Australian Christian Lobby campaigns for South African election candidates who oppose late-term abortions

The Australian Christian Lobby (ACL) is running a targeted campaign to promote candidates of all political stripes who voted against allowing easier access to late-term abortions in South Australia.

The lobby group has produced pamphlets showing whether or not members of the Legislative Council last year voted for an amendment to a bill to decriminalize abortion that would have severely restricted terminations after 23 weeks, as well as opinions of future parliamentarians.

The law passed, but the amendment failed.

The ACL also set up a website for voters in the March 19 state election to see how their local House of Assembly member voted on the bill.

The organization’s brochure also names MPs and candidates who voted against decriminalizing sex work and allowing schools not to employ LGBTQI teachers.

The sex work bill was rejected in 2019.

ACL State Director Christopher Brohier said his The organization had told MPs ahead of the vote that it would highlight how they voted ahead of the national elections.

“It’s a blunt law that has very few limits and so we thought it was important to let people know who wouldn’t support such legislation.”

MLC Greens Tammy Franks said there were only rare situations where late-term abortions were needed.

She said describing it as “abortion at birth” was misleading.

“I would call it acknowledging after 23 weeks these awful situations where the doctor and the patient have to make really, really painful decisions, but they’re done with health care now, not being thrown into criminal law without health care. possible health,” she said.

Candidates backed by the lobby group include those from the Liberal and Labor parties.(ABC News: Rebecca Brice)

Restrictions on late abortions

When abortion was decriminalized in March last year, the changes brought South Australia into line with most jurisdictions in the country.

It will allow abortions under 22 weeks and six days with the consent of the pregnant person, while terminations after that period can occur when deemed “medically appropriate” by two doctors.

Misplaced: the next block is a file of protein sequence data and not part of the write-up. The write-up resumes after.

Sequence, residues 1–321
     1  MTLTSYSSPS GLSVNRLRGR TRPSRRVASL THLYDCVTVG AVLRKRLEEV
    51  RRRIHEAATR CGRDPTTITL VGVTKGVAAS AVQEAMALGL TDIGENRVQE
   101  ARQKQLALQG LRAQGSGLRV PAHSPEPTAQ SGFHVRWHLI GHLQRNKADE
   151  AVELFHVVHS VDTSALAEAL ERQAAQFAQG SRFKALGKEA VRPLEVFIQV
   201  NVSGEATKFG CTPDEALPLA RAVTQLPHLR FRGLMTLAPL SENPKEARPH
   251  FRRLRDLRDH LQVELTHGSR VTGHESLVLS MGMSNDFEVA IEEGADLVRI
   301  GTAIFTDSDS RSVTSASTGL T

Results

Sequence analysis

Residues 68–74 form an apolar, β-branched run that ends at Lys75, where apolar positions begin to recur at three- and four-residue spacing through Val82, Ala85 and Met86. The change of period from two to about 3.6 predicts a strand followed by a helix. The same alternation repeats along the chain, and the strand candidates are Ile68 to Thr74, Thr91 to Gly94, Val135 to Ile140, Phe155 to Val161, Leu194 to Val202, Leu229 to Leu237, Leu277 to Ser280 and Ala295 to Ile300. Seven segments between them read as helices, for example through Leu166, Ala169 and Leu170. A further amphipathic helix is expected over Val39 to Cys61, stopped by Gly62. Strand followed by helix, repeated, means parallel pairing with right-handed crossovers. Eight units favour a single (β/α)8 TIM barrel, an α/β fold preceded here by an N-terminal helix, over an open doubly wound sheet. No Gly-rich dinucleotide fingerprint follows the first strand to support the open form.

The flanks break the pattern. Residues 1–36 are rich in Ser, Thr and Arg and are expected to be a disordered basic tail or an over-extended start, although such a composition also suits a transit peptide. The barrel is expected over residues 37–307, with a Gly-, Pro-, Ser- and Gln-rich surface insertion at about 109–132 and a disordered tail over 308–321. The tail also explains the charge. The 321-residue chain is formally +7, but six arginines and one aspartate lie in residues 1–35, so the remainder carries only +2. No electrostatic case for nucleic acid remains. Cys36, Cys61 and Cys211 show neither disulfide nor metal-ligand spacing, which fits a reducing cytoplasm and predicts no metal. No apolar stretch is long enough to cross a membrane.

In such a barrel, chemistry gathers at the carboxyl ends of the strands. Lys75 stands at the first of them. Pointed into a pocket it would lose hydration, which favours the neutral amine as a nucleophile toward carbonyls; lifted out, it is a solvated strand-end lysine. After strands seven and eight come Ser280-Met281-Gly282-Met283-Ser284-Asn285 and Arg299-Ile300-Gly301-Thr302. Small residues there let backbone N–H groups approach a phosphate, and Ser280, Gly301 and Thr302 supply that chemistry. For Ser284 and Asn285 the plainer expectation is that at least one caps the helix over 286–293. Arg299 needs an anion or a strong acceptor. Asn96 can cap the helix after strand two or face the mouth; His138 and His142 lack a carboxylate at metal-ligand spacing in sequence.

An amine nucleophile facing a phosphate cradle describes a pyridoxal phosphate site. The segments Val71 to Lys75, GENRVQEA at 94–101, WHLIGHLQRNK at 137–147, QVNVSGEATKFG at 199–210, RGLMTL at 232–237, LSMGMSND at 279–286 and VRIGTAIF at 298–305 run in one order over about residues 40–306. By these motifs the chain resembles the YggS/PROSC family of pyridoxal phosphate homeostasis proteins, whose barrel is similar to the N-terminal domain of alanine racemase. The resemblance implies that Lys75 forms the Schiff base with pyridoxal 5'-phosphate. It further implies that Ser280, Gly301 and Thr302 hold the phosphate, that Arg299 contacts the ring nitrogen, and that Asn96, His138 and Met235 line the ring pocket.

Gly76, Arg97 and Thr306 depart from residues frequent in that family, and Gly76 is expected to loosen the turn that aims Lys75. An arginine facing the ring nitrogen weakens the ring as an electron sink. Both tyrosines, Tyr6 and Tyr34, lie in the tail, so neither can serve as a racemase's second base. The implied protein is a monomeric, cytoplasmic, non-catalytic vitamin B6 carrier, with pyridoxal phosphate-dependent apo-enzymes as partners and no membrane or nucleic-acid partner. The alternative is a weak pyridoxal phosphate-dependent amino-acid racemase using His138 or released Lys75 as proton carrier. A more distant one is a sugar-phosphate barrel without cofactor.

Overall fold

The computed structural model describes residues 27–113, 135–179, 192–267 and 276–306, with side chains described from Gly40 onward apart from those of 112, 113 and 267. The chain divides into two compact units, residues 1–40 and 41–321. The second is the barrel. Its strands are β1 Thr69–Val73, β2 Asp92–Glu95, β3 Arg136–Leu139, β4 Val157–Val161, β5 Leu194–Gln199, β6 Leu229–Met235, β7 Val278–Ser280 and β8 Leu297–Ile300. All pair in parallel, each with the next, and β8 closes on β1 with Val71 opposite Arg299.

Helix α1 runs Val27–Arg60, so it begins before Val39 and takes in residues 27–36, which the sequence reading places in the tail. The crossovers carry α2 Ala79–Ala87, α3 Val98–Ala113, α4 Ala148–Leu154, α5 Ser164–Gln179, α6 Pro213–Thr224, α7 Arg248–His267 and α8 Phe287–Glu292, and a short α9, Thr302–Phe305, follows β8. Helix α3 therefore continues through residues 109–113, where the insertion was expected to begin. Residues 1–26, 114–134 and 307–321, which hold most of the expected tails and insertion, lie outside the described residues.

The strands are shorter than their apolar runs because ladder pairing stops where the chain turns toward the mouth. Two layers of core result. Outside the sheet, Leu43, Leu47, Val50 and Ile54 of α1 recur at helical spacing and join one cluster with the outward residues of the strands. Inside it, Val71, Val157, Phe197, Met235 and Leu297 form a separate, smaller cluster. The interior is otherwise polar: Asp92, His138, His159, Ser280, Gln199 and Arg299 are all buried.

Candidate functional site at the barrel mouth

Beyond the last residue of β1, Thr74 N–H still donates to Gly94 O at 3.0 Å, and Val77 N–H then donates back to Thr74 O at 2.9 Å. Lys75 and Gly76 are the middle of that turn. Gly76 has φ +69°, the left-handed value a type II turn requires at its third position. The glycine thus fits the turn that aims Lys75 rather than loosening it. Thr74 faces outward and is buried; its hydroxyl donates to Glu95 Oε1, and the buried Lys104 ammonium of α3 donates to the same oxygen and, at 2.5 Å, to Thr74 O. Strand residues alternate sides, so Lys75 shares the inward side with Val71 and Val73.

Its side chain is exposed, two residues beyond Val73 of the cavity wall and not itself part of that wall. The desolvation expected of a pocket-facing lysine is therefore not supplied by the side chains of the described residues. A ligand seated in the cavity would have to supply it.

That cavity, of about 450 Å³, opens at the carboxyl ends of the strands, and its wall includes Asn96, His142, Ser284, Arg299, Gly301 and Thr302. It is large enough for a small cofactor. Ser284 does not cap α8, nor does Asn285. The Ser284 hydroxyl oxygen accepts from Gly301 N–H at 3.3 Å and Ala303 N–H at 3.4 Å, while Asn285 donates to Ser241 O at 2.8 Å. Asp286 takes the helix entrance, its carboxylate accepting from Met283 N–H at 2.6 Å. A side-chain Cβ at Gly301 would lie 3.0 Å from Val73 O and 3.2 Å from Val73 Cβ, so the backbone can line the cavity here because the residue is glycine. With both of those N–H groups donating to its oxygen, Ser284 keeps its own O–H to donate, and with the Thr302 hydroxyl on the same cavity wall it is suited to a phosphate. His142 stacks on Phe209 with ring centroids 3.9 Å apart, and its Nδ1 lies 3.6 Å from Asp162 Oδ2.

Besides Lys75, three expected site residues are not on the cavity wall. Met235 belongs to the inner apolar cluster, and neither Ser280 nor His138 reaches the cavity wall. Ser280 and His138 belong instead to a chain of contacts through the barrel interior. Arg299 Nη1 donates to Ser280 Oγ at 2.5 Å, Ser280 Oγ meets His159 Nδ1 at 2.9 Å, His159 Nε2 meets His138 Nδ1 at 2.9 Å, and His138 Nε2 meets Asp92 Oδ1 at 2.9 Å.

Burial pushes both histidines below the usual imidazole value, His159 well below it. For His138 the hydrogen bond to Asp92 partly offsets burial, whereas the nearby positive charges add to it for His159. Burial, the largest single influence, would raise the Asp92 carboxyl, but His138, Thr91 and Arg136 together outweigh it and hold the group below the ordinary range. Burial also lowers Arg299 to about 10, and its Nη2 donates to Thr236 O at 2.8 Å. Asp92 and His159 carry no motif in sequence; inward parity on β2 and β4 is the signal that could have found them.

Late abortions will only be permitted if there is a threat to the life of the pregnant person or another fetus or if there is a significant risk of serious fetal abnormalities associated with the pregnancy.

Medical abortion can be approved via telehealth and there is a South Australian residency requirement.

Family First follows a similar strategy

The Family First Party – led by former Conservative Catholic Labor MPs Tom Kenyon and Jack Snelling – announced last week that it would prefer candidates who voted for a failed amendment that tried to limit abortions to 22 weeks gestation, even if they generally leaned left on other issues.

Liberal Prime Minister Steven Marshall and former Deputy Prime Minister Vickie Chapman backed the abortion bill, while Opposition Leader Peter Malinauskas and Labor MPs Tom Koutsantonis and Stephen Mullighan voted against it.

A composite image of two women
The bill was introduced by moderate liberals Michelle Lensink and Vickie Chapman.(ABC News)

The Liberals argue that a vote for Family First is a vote for Labour, but Family First’s leading candidate Tom Kenyon has said that is not the case.

“At Wright’s seat, Labor MP for Wright, Blair Boyer, also voted against this amendment and we will give him preference,” he said.

“In Mawson, Leon Bignell, the Labor MP for Mawson, voted against this amendment and we will prefer against him.

“In Badcoe, Labor member Jayne Stinson, she voted against this amendment and we will prefer against her.”

A bill authorizing euthanasia adopted in 2021; however, Mr Brohier said the ACL could only press so many issues before scrambling the message.

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